service. They will then proceed to the
Smyrna cemetery at 2.4Q o'clock; then
to the Otisco cemetery for services at
3:30 after which they will disband.
sixteen years of age. It is also said he
was a deputy sheriff at Niles near
which city his father lives on a farm.
A more serious eharir that
of running a disorderly house may be
lodged against him.
The officers of this city are on the
ftlert ami nronose to keen on the look
out for law breakers and esieeially the
kind charged against this man.
If the charge proves true and Teat
is found guilty of carrying on such dis
reputable practice the courts should
not handle him with leniency.
He is the same man of whom Floyd
Bailey borrowed the suit case to bring
booze in from Greenville and according
to developments in that case a hilari
ous time had been planned to le held
that evening in his rooms.
There is a law to protect young girls
from the alurements of such leacherous
beings and now that it has been set in
motion let it proceed when ever it is
iionAtrHtne case IZt'heldon
deemed it advisable to drop the case a
gainstTeat who now says his name Is
"Peabt" for keeping a disorderly house
and charge him with the more serious
one that ot assault and battery. This
was done Wednesday and on his plea
of guilty Justice Moulton sent him to
the Detroit House of Correction for 65
It is very probable that he will never
apjiear in this city again and our cit
izens hope this true. There are a num
ber however, who mourn for unpaid
bills he left behind.
Cleveland Wholesale Merchants
Special Train Coming.
Cleveland, O., May 21, 1909
The Banner,
Belding, Mich.,
Gentleman: You will, perhaps, be in
terested to know that our Wholesale
Merchants Board plans to visit your
city Friday May 28. We shall arrive
by our own special train of dining and
Pulman cars travelling on special
schedule and arrive there at 12:53 p. m.
for an hours stay.
The purpose of this visit is to afford
the heads of our Cleveland . Jobbing
houses an opportunity to meet their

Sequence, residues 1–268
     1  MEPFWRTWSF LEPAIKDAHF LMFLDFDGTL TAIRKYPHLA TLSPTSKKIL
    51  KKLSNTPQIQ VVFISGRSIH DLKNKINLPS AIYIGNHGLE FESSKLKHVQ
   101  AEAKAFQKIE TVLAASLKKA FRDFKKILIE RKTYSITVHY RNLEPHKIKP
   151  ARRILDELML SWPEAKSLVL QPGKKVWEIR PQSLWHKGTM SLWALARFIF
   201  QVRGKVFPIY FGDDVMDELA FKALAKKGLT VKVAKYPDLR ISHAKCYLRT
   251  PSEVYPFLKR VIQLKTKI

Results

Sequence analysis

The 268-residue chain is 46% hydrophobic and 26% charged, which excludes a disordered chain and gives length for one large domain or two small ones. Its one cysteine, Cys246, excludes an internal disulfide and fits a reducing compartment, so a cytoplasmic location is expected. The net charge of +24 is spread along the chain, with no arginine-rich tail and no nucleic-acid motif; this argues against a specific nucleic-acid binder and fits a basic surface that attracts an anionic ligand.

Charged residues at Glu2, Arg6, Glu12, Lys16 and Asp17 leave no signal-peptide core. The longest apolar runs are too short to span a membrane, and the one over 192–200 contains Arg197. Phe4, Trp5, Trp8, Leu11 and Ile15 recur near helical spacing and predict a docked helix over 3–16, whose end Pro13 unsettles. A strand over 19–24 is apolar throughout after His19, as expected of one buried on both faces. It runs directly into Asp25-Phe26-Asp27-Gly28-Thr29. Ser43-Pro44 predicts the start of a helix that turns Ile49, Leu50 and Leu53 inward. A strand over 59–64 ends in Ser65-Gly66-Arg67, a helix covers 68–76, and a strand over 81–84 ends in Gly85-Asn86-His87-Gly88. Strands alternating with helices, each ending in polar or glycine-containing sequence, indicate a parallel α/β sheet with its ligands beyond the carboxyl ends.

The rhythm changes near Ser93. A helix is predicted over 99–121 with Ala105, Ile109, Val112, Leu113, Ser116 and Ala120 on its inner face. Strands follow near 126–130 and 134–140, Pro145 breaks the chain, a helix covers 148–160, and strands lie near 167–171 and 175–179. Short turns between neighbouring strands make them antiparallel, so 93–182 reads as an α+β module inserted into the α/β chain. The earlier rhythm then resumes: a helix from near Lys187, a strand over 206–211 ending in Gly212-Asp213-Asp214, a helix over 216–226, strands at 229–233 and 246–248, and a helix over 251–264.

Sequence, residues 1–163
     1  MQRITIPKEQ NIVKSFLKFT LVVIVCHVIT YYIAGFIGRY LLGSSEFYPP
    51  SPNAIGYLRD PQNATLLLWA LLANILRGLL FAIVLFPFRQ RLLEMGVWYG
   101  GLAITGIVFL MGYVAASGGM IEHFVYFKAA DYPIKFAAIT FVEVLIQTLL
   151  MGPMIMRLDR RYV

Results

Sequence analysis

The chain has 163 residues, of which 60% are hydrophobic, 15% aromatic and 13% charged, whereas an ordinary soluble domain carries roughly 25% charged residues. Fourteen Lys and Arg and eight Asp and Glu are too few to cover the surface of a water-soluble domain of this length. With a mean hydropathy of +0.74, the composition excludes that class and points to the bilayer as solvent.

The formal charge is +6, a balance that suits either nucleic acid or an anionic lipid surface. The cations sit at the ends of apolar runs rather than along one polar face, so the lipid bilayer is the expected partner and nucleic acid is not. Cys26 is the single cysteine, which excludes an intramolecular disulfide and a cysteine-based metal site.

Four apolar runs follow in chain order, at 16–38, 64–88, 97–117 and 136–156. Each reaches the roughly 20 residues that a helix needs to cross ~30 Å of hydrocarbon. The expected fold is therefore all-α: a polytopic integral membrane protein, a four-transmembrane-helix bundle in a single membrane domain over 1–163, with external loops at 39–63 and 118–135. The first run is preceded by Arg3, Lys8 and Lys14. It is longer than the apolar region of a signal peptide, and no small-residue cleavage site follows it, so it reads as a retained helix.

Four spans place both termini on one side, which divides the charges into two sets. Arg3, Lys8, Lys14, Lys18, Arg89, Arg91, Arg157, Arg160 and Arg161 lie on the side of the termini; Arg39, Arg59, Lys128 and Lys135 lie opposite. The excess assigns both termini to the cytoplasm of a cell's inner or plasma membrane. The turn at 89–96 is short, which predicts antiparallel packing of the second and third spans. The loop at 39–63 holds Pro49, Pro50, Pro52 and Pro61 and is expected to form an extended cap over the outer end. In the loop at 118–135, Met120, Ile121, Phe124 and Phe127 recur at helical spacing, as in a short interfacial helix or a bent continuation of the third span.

customers (with many of whom have
Meeting Tor years) in Ui6 HsilerJIy
places of business.
New Law Gives Officers Wide
Authority to Seize it If it
is Stored Unlawfully
Duty of Officers to Make a Search
When Commanded to Do So And
Hold Liquor as Evidence.
The following is the new law relative
to the search and seizure of liquors
vwucu are oeieiveu 10 oe sioreu or se
creted in certain places to be used in an
unlawful way.
An olllcer Is clothed with considera
ble authority in the matter and it will
be well for any who are attempting to
evade the law to familiarize themselves
with the new provisions.
If any person makes a sworn com
plaint or aflldavit before any magis
trate authorize! to issue warrants in
criminal cases, that he does believe
that any of the of the liquors mention
ed in section one of this act, are 1 icing
manufactued, sold, furnished, or given
as a beverage or kept for the puqiose
of being sold, furnished or given away
or that any such liouors are stored
temparily or otherwise, in any depot.
freighthouse, express ollice, or in any
other building or place with the ai-
pa rent intention of being delivered for
the purpuse of being sold, furnished
or given away contrary to the provis
ions of this act, such magistrate shall
immediately issue his warrant to any
olllcer whom the complainant may
designate, having jwwer to serve
criminal process commanding him to
search the premises descrilied and des
ignated in such complaint and warrant
and if such lionor:flre there fount'" lKr
rwhlCII Ymry artr ewutAmrfi i-Jji
used and
Tlio Last Improssion
It's the last impression that a man ets of a
pair of shoes that decides whether or not he is
fjointf to buy the same brand aain.
No matter how well they may look when pew,
if they loose their shape or wear out quickly, the
store that sold them cannot expect to sell another
pair to the same customer.
We sell shoes that are of the "com
in other words, WALK-OVER shoes.
e aain" kind,
Do you know that J have the latest things
in Dutch Collar Pins, Fancy Comhs, Bar
retts and Bandeaux. A fine showing of
the newest
and Crafts at
prices. A se
of fine II a t
have the rn
1 w a n t to
stock I have
new tilings. ,
new Purses and
thing in Arts
lect showing
Pins (Yes I
long enough)
show you the
in the many
A line line of
Bags. Come! Come! Come
r W i
II . J. LEONARD, Pres.
A. N. BELDING, V. Pres
Though "trade extention" excur- imnlements and furniture
sions, they are not business trips in the kept for such illegal selling
strict sense of the phrase. No business
is solicited, merely an effort to make a
short social call.
Very respectfully,
Saml H. Mason,
Sec Wholesale Merchant!' Board.
Dollar Saving Days
Prosperity dates from the first dollar saved,
you are earning money you ought to save
something. What you do now .in a way
of saving may determine what the
future will bring you. We pay
interest on saving accounts.
Let us open one
We are prepared to serve the public in an accept
able way. Have you tried
"The Old Reliable?"
W. S. LAM B KUTSON, Cashier
Cowles Lost Horse Barn
House By Fire.
The horse barn on the Charles
Cowels' farm near Smyrna caught tire
in some manner at noon ednesday
and burned to the ground together
with three horses and a colt. When
it was discovered it already had a good